Change the City: Get the Grant
Ready to bite the bullet and go after that check? Catherine Parker of Parker Grant Solutions has some tips for acing the application.
Follow the rules. Requirements in great detail will be on the grant’s website. “There is no gray area in the world of grant writing,” Parker says.
Don’t promise the world. Funders can tell when you’re exaggerating.
Find the money. The Charitable Advisors weekly e-newsletter (charitableadvisors.com) lists grant opportunities. But it’s always a good idea to start local, like with these Indianapolis treasure chests:
Nina Mason Pulliam Trust (ninapulliamtrust.org) Funds projects that help people in need, protect animals and nature, and enrich community life.
Lilly Endowment (lillyendowment.org) Supports ideas that address human and social needs, central-city and neighborhood revitalization, low-income housing, and arts and culture.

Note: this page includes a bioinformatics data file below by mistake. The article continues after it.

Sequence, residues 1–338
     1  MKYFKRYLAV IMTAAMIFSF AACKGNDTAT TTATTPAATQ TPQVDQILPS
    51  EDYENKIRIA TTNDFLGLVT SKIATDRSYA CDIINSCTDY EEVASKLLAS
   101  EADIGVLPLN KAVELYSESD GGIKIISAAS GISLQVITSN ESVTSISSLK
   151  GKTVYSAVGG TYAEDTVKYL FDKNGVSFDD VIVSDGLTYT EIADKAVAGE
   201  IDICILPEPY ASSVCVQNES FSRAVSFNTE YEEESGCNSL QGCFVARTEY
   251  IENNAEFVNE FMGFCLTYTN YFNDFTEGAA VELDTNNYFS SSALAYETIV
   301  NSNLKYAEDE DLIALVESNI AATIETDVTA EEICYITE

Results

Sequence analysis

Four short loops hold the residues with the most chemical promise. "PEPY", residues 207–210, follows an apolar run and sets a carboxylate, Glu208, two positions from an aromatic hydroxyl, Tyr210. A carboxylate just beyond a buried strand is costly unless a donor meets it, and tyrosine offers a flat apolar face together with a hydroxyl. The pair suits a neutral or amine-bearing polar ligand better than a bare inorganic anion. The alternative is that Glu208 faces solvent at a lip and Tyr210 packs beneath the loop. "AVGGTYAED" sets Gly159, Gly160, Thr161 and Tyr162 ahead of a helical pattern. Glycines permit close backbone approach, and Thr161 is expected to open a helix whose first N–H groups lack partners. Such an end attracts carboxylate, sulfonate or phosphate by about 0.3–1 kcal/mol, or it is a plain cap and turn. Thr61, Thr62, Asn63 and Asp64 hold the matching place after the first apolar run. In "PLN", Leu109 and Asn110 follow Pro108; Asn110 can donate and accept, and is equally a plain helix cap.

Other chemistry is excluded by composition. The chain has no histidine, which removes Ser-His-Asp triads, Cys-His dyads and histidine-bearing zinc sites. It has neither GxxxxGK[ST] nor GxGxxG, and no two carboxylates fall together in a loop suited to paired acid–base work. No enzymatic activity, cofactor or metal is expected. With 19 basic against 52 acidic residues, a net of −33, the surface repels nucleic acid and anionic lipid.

Central Indiana Community Foundation (cicf.org) Serves as a hub for a variety of funding sources, including the Efroymson Family Fund, The Glick Fund, and the Herbert Simon Family Foundation. For extra credit, read CICF’s Grant Seeker’s Guidebook.
Richard M. Fairbanks Foundation (rmff.org) Focuses on education, health, and the vitality of Indianapolis.
Ask for feedback. Though it can be a little intimidating, funding organizations aren’t run by elites in ivory towers; they’re a bunch of real folks. If you receive a rejection letter, follow up and ask why. It could have been for something as simple as a typo.